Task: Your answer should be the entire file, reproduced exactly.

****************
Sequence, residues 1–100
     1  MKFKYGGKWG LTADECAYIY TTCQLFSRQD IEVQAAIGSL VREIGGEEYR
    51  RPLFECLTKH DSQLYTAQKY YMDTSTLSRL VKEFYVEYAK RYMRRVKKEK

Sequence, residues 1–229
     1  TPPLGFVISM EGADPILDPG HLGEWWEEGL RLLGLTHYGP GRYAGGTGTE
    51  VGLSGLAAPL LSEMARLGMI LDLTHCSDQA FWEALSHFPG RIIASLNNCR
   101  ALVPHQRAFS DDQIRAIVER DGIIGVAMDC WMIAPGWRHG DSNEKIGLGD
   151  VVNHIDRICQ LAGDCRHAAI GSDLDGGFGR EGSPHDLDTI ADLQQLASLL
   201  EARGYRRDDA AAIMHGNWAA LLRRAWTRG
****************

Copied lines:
Sequence, residues 1–100
     1  MKFKYGGKWG LTADECAYIY TTCQLFSRQD IEVQAAIGSL VREIGGEEYR
    51  RPLFECLTKH DSQLYTAQKY YMDTSTLSRL VKEFYVEYAK RYMRRVKKEK

Sequence, residues 1–229
     1  TPPLGFVISM EGADPILDPG HLGEWWEEGL RLLGLTHYGP GRYAGGTGTE
    51  VGLSGLAAPL LSEMARLGMI LDLTHCSDQA FWEALSHFPG RIIASLNNCR
   101  ALVPHQRAFS DDQIRAIVER DGIIGVAMDC WMIAPGWRHG DSNEKIGLGD
   151  VVNHIDRICQ LAGDCRHAAI GSDLDGGFGR EGSPHDLDTI ADLQQLASLL
   201  EARGYRRDDA AAIMHGNWAA LLRRAWTRG